Homeowners in protest over pyrite damage to houses
A CAMPAIGN to highlight the plight of thousands of homes affected by pyrite damage began with a protest in Dublin yesterday.
Residents from housing developments in Santry, Blanchardstown, Ashbourne and Balbriggan were joined by Socialist Party TD Clare Daly outside the offices of Homebond, a structural defect insurance provider.
Pyrite – a mineral which swells when it comes into contact with water – was used in the foundations of some houses and apartment blocks during the building boom, causing structural damage to the properties.
Residents at yesterday’s protest complained of cracks and bulging in the walls of their homes, swelling of floors, doors that would not open, cracked tiles and fittings coming away from walls.
The Pyrite Action Campaign was initiated in recent weeks after residents in housing developments in Dublin, Offaly, Louth, Meath and Kildare joined together to highlight their problems.
Campaign committee member Peter Lewis from Santry said some people had been quoted between €40,000 and €80,000 for the work needed to repair their homes but had been offered €8,000 or €9,000 by the insurer.
He said residents were not sure, but based on the amount of aggregate taken out of quarries, up to 60,000 properties could have been affected by pyrite.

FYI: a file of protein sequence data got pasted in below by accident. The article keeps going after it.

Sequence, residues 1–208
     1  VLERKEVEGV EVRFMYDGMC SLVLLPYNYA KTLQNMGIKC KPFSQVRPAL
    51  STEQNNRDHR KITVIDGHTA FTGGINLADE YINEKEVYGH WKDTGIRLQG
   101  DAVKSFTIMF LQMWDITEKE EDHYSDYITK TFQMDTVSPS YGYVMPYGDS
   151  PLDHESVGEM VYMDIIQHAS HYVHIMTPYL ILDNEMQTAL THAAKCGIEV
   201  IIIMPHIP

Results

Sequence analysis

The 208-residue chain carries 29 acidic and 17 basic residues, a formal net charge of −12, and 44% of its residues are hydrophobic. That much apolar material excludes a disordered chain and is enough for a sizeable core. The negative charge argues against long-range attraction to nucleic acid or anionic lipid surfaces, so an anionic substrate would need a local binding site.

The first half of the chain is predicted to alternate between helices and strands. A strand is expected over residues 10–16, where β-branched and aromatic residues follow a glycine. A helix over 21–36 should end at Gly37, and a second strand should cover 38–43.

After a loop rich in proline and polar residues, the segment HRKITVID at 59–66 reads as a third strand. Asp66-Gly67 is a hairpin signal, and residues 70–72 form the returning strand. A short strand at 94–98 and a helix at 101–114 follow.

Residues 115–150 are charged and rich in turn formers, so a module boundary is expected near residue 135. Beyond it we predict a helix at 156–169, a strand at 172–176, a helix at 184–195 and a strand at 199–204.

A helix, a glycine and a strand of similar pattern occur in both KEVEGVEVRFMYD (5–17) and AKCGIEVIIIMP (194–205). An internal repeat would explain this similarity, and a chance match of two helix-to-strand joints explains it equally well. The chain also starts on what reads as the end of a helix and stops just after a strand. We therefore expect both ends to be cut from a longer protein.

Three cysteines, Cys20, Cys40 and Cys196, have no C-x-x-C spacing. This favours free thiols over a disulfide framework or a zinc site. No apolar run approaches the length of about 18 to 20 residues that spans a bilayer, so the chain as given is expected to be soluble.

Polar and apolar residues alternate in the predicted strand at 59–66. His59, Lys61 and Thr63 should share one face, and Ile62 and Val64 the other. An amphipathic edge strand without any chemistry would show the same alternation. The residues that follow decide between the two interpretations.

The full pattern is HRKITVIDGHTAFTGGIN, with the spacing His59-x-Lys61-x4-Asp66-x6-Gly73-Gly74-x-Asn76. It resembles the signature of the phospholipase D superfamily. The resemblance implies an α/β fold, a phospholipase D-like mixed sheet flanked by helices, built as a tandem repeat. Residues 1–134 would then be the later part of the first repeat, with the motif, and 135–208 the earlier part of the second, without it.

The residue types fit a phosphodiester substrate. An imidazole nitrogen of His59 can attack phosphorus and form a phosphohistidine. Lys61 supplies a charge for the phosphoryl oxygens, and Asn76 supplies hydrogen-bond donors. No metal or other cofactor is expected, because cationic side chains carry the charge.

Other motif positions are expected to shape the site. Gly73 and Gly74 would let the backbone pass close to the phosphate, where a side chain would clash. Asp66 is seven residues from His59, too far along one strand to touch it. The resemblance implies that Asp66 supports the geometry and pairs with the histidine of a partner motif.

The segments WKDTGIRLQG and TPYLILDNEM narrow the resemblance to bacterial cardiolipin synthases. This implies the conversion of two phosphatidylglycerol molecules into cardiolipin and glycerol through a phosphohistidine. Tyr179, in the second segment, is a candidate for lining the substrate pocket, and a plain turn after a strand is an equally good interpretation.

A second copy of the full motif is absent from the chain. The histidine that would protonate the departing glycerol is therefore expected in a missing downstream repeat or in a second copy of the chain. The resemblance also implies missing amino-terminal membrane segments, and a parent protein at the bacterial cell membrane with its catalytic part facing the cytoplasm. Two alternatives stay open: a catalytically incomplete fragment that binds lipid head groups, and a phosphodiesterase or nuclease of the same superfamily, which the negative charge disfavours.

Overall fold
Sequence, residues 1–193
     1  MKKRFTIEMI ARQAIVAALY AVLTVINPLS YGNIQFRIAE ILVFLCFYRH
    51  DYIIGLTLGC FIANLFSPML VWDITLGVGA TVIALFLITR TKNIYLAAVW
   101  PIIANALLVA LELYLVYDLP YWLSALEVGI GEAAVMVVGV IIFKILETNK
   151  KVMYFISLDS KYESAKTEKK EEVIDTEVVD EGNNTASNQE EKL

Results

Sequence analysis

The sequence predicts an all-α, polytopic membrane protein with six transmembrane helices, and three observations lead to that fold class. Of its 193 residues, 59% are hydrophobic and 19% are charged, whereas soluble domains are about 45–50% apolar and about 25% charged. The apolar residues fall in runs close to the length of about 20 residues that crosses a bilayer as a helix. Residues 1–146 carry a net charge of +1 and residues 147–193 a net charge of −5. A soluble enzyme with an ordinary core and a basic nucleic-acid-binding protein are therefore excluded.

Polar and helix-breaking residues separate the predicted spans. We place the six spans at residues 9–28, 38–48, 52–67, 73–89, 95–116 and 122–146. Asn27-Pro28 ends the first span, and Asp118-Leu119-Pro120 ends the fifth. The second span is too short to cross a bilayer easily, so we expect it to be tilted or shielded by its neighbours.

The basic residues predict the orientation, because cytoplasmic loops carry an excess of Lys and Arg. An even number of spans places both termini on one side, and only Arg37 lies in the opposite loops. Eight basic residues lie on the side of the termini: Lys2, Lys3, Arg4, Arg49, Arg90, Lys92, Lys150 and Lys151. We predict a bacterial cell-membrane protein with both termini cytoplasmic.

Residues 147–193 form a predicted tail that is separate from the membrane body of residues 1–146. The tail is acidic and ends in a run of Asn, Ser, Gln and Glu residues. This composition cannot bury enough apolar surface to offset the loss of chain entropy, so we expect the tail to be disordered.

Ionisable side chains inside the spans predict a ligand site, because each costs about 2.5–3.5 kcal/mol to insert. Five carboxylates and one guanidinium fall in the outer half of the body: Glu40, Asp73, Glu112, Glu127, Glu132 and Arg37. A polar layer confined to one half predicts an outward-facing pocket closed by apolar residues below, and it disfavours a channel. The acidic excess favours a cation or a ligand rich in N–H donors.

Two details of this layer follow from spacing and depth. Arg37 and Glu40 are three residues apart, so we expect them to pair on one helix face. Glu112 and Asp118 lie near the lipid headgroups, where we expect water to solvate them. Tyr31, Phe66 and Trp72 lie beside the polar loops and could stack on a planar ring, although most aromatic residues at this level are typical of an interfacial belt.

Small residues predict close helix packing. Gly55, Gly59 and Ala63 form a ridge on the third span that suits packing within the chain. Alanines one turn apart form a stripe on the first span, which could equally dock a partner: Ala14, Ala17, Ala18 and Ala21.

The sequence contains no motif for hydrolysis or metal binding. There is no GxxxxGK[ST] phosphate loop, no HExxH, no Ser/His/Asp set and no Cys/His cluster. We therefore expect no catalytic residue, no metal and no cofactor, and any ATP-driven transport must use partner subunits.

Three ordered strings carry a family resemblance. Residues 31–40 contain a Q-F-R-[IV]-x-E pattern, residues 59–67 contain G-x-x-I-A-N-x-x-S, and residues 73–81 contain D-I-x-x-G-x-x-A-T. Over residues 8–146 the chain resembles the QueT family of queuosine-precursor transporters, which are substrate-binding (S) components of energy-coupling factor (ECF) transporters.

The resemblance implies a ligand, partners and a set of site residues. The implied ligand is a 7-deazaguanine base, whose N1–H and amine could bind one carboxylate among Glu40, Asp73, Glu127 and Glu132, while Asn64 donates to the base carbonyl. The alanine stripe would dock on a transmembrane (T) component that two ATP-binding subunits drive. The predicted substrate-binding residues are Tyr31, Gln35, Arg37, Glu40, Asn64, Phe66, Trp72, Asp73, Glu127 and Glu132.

Jennifer Doyle, from Ashwood in Ashbourne, Co Meath, said her home had subsidence, the wall next to the stairs had bellied, the bedroom door would not open and there were cracks inside and out. They needed €26,000 to take out the pyrite and replace it with a proper foundation, not including the costs of moving out or replacing flooring and redecorating. “Homebond offered me €7,996.06. All I want is my house fixed.”
A resident from Moylaragh, Balbriggan, Co Dublin, said he constantly had to plane the bottoms of his doors because his floor had swelled, and he could put his fingers into cracks in the walls.
Another resident said it was as if a mini-earthquake had gone on in her home at Rathlodge in Ashbourne. She needed to use “a rugby tackle” to open her front door. Builders had carried out cosmetic work on the property but then “washed their hands of it”.
“We didn’t rush into this purchase; we weren’t in any way foolish,” she said.
They had researched the Homebond guarantee and thought they were safe. “Our young children have lived their entire lives with a very, very stressed set of parents.”
A spokesman for Homebond said the company had never envisaged a situation like that created by pyrite, and the policies were not set up to deal with it.
There was a finite pot of money to cover each development, he said, and it had to be divided between all the claims made within that development and any future claims.
He denied that Homebond was refusing to test properties, but said it had taken a decision that if a number of properties in a development tested positive, there was no point in spending money for further tests since it came from the same pot from which compensation was to be paid.
The spokesman said he did not have figures for the number of properties affected by pyrite, but the company had 500 claims on hand. It was dealing with claims as quickly as possible, he said, but legal cases were slowing down the process.